In this case, the majority found Fearon’s arrest for robbery was lawful. The phone searches leading to the text message and handgun photo were also truly incidental to that arrest. They were conducted for valid law enforcement objectives and appropriately linked to the offence for which he had been lawfully arrested. However, the searches were nonetheless held to be unreasonable and therefore a s. 8 breach because there was no “detailed evidence about precisely what was searched, how and why.”


Despite the breach, the evidence was admitted under s. 24(2). The police acted in good faith, which favoured admission. The dominant view at the time of the arrest was that cell phone searches incident to arrest were permissible.

“Of course, the police cannot choose the least onerous path whenever there is a gray area in the law,” said Cromwell.

In general, faced with real uncertainty, the police should err on the side of caution by choosing a course of action that is more respectful of the accused’s potential privacy rights. But here, if the police faced a gray area, it was a very light shade of gray, and they had good reason to believe, as they did, that what they were doing was perfectly legal.

As for the impact on Fearon’s Charter protected interests, his informational privacy interests were impacted, but not gravely. This factor favoured exclusion, but did so weakly. Finally, the evidence was cogent and reliable. Society’s interest in the adjudication of the case on its merits favoured admission.

Crimes types

The majority hinted that some crimes will more likely justify a limited search of cell-phones:

The law enforcement objectives served by searches incident to arrest will generally be most compelling in the course of the investigation of crimes that involve, for example, violence or threats of violence, or that in some other way put public safety at risk, such as the robbery in this case, or serious property offences that involve readily disposable property, or drug trafficking.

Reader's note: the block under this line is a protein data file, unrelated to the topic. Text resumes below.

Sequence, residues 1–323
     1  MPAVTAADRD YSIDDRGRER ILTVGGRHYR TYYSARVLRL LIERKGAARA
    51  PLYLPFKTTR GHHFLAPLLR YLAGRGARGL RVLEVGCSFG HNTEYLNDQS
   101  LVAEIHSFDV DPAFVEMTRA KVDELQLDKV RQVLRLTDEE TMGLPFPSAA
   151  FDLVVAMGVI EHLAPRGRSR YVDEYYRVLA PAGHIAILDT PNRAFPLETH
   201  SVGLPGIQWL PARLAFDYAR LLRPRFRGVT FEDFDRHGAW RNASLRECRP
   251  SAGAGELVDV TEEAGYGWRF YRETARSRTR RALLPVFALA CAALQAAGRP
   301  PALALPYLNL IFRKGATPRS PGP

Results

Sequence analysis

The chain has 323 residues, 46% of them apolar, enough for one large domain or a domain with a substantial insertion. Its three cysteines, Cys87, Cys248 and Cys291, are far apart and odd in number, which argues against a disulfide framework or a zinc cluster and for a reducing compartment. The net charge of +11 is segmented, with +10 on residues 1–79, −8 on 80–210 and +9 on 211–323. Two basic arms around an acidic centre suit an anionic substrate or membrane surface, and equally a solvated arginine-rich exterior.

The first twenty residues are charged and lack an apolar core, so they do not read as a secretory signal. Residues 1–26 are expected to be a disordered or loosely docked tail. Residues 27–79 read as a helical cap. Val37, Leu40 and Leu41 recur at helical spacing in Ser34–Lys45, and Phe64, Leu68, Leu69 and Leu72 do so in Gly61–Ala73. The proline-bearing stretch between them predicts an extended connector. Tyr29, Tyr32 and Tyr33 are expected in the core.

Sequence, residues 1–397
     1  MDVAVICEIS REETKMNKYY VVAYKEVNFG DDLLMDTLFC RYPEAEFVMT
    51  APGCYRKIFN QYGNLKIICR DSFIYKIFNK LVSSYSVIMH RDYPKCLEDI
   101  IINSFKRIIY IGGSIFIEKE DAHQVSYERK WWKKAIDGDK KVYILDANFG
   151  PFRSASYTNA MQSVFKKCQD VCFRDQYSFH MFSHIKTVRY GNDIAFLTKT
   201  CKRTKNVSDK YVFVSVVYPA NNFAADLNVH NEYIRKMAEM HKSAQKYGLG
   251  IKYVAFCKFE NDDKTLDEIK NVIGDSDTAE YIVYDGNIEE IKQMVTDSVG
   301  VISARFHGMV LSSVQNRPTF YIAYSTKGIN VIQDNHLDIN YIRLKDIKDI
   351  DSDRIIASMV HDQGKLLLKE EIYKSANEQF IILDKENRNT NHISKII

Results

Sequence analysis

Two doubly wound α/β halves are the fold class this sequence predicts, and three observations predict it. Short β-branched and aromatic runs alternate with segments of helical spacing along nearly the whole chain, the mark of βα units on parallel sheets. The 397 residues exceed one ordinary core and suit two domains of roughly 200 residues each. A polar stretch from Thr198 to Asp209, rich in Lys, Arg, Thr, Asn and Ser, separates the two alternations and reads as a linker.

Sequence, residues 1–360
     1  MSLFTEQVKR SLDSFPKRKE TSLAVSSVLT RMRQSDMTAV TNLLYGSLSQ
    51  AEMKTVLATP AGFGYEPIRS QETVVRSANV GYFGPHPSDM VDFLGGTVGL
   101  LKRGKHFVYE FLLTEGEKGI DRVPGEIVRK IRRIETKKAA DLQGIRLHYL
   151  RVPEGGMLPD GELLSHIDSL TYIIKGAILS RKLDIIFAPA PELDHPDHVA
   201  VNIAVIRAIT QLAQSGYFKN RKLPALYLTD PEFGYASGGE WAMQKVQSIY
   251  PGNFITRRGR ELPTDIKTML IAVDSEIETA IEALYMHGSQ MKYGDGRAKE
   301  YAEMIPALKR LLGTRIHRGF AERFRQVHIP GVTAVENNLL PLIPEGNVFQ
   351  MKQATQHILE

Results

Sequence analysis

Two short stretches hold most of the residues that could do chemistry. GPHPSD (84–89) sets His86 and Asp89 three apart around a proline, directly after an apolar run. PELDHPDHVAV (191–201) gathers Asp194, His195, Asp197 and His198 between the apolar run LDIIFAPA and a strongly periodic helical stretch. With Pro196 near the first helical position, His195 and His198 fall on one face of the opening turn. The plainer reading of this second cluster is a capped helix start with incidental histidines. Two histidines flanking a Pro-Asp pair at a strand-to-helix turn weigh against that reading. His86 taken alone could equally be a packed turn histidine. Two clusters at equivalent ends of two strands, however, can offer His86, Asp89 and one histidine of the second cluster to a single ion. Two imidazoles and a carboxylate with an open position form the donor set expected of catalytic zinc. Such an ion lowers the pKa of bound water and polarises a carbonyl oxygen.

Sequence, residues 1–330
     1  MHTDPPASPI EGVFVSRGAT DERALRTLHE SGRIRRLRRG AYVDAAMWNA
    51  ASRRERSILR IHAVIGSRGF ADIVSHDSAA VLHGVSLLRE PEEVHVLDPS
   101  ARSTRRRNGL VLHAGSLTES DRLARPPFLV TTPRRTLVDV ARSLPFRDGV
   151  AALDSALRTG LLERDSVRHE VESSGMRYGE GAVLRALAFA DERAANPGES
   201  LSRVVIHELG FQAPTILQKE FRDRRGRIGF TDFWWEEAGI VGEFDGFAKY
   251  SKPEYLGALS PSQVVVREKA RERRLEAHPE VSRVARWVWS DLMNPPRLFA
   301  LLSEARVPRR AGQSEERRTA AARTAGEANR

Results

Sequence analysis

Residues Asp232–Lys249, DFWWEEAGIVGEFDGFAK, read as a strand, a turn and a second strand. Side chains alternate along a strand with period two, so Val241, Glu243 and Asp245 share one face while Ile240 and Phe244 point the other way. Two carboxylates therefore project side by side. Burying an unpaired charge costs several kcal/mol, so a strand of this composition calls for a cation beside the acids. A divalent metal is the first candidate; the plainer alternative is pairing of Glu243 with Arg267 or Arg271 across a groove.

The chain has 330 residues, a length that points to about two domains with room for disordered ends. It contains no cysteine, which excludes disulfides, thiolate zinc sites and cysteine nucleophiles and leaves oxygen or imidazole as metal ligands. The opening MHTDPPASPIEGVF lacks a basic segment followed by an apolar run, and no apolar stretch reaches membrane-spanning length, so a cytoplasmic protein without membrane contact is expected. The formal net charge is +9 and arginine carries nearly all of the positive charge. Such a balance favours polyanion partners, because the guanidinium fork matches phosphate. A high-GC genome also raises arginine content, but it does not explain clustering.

Generally speaking, these types of crimes are most likely to justify some limited search of a cell phone incident to arrest, given the law enforcement objectives. Conversely, a search of a cell phone incident to arrest will generally not be justified in relation to minor offences [para. 79].

Fearon’s appeal was dismissed.

A different view

A three member minority concluded that police officers are not entitled to search a mobile phone found in the possession or vicinity of an accused person upon arrest. In its opinion, “searches of personal digital devices risk similarly serious encroachments on privacy and are therefore not authorized under the common law power to search incident to arrest.”

The intensely personal and uniquely pervasive sphere of privacy in our personal computers requires protection that is clear, practical and effective. An overly complicated template, such as the one proposed by the majority, does not ensure sufficient protection.

Only judicial pre-authorization can provide the effective and impartial balancing of the state’s law enforcement objectives with the privacy interests in our personal computers. Thus, I conclude that the police must obtain a warrant before they can search an arrested person’s phone or other personal digital communications device.

Our common law already provides flexibility where there are exigent circumstances, when the safety of the officer or the public is at stake, or when a search is necessary to prevent the destruction of evidence [para. 105].

Thus, the minority would permit a warrantless search of a cell-phone incident to arrest only in cases of exigent circumstances, “when (1) there is a reasonable basis to suspect a search may prevent an imminent threat to safety or (2) there are reasonable grounds to believe that the imminent loss or destruction of evidence may be prevented by a warrantless search.”

In this case, police were required to obtain a warrant before searching the phone because they did not have exigent circumstances, although they were entitled to seize the phone pending an application for a warrant.

The minority would have excluded the evidence because it was unconstitutionally obtained and allowed Fearon’s appeal.